SaharaReporters has exclusively obtained legal documents showing that British authorities in 2008 revoked Senator Emmanuel Nnamdi (Andy) Uba’s multiple entry visa into any of the territories of the United Kingdom.
The decision to bar Mr. Uba, a former senior domestic aide to former President Olusegun Obasanjo, was taken by the Secretary of State for the Home Department (SSHD).
Judicial filings obtained by SaharaReporters reveal that the British High Commission in Abuja had on November 11, 2004 issued a five-year multiple entry visitor’s visa to Senator Uba, who represents Anambra South in the National Assembly. However, in a letter dated December 2, 2008, the SSHD informed Mr. Uba of the revocation of his visa.
“The purpose of this letter is to inform you that on 26 November 2008, after the most careful consideration, the Home Secretary personally directed that you should be excluded from the United Kingdom,” the revocation letter stated.
It added, “On the basis of your character, conduct and association with fraud and other criminal activities, your presence in the UK would not be conducive to the public good and the Home Secretary has decided that you should be excluded from all territories of the United Kingdom.”
The letter also informed Senator Uba that the decision to prohibit his entry into any part of the U.K. would be reviewed after three years.
Court documents in our possession further show that an application by Mr. Uba to persuade British authorities to lift their prohibition against him was denied in 2011.
A court filing by British lawyers representing Mr. Uba noted that the Nigerian senator’s “application for permission to seek judicial review was refused at an oral hearing on 1st July 2011 by Mr. Ockelton, sitting as a Deputy High Court Judge.”
Mr. Uba’s lawyers appealed the decision, claiming that, in rejecting the senator’s application, the court had failed to take “into account the representations and evidence presented by the Claimant during the course of his application.”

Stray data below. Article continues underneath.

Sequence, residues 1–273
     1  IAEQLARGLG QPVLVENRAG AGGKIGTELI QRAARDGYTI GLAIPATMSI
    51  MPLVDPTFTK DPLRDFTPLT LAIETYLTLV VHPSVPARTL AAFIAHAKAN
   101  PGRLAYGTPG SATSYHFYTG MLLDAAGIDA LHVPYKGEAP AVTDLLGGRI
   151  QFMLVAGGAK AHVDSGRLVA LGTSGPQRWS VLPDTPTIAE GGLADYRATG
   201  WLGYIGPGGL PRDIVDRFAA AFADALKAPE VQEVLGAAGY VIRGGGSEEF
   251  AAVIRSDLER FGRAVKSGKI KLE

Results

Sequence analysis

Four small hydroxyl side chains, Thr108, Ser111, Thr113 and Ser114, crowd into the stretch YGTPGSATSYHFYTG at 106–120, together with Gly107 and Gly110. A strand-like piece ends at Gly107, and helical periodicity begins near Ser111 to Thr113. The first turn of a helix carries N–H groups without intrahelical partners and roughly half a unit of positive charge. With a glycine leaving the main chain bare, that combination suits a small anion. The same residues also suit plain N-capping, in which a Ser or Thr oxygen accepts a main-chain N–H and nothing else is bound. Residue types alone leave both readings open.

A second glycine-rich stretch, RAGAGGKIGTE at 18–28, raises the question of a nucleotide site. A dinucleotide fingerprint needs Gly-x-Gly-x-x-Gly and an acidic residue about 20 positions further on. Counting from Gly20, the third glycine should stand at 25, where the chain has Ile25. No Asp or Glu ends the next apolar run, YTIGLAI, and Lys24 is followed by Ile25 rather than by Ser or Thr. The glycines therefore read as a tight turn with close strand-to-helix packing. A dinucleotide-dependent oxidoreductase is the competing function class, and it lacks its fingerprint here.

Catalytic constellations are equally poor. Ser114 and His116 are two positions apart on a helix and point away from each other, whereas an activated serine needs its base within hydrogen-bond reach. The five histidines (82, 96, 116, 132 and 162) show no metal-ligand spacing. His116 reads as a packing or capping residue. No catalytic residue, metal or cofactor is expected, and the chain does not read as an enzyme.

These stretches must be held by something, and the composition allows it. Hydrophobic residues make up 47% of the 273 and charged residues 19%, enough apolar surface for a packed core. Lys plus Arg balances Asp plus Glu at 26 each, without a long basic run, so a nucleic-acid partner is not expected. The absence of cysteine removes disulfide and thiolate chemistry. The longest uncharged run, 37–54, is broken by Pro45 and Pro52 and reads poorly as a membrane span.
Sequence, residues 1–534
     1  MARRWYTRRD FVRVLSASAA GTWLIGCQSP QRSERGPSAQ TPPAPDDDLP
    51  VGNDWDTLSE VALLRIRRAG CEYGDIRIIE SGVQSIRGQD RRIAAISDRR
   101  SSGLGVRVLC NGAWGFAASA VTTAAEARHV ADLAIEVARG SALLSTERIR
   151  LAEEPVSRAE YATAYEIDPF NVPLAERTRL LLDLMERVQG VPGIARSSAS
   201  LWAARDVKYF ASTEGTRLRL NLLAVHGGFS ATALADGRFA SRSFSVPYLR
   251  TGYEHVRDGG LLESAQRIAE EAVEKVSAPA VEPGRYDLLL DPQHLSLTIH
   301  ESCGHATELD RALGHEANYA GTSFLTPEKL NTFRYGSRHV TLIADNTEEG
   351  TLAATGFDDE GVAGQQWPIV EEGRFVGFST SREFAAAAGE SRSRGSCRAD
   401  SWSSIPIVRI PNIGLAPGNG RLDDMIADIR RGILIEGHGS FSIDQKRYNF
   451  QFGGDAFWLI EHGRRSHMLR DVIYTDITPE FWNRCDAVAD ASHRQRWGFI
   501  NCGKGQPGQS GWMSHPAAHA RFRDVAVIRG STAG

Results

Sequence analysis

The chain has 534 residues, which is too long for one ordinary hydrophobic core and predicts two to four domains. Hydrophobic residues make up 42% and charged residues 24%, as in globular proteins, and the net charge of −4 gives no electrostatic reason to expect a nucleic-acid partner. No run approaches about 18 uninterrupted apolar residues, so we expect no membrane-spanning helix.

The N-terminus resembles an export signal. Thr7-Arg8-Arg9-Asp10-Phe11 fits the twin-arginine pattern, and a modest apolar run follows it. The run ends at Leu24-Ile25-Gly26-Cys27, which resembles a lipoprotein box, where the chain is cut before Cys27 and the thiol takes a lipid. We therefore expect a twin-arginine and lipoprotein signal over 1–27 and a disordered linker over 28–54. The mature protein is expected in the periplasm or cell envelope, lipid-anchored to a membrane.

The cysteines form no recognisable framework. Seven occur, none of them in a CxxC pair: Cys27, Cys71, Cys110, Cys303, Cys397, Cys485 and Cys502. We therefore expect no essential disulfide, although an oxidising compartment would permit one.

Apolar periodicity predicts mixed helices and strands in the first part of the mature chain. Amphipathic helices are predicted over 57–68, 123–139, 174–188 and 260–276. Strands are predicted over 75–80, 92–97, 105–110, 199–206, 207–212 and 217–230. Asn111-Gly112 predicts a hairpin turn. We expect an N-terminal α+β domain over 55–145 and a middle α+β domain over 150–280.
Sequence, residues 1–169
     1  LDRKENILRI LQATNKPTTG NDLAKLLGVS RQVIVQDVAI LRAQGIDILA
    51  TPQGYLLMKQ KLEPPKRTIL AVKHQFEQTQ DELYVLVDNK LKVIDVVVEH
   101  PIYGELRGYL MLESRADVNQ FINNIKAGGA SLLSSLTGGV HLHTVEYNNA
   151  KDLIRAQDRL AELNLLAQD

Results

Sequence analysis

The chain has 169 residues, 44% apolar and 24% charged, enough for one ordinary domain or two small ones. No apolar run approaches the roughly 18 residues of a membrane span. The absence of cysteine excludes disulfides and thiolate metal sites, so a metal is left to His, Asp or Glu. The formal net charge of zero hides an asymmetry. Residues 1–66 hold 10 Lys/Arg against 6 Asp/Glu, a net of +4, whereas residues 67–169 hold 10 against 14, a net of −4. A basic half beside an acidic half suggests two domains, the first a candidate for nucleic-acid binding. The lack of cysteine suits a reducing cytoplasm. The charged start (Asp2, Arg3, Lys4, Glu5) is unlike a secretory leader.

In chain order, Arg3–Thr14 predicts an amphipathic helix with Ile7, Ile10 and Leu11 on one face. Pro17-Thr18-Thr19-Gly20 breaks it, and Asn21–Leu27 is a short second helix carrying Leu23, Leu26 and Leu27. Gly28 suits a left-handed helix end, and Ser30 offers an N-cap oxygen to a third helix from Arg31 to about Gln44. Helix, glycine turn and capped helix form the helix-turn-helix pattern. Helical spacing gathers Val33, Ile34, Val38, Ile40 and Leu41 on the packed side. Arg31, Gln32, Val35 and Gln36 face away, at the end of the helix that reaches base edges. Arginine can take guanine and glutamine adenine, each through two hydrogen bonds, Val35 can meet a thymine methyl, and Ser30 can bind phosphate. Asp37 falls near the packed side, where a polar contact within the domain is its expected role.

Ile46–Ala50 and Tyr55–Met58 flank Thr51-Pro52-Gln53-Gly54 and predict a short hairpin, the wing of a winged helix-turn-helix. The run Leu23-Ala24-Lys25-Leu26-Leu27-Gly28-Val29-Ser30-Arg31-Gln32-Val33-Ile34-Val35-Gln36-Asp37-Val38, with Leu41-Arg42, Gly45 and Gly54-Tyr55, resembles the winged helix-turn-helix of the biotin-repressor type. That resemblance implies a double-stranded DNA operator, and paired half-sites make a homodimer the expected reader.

In a letter dated December 19, 2011, Mr. Uba’s lawyers again “requested a review of the decision to exclude him from the United Kingdom.”
They urged the Home Department to note that Mr. Uba “has been a law abiding citizen of Nigeria who has been contributing his best to the development of his country.”
They pointed out that the former presidential aide “was elected a Senator of Nigeria’s upper legislative chamber in 2011.”
They also argued that Mr. Uba “would not have qualified for election to the Nigerian Senate” if he had been implicated in criminal activities.
The lawyers drew attention to sections of the Constitution of the Federal Republic of Nigeria 1999 “which clearly sets out at clauses 65-66 the stringent criteria that would enable an individual to qualify for election as senator in Nigeria.”
Mr. Uba’s lawyers stated that the senator felt that his woes were linked to “unsubstantiated allegations made on the internet against him,” adding, “there has been no proven conviction to date against him in any country in the world, including Nigeria.”
The senator’s legal team asserted that “the internet, being a tool open to all individuals to post documents on, can be used as a weapon of destruction and assassination of character.”
Despite the pleas by Senator Uba’s attorneys, the SSHD reaffirmed that the controversial politician would remain a persona non grata from the U.K. That decision was contained in a letter dated July 19, 2012.
“In response to your letter I can only reiterate previous advice which states that the Home Secretary personally excluded Mr. Uba from the UK because she did not consider his presence in the UK to be conducive to the public good on the basis of his character, conduct and association with fraud and other criminal activities,” the letter stated.
Court documents indicated that Senator Uba’s lawyers mounted a further legal challenge to the decision barring their client from the U.K., but to no avail.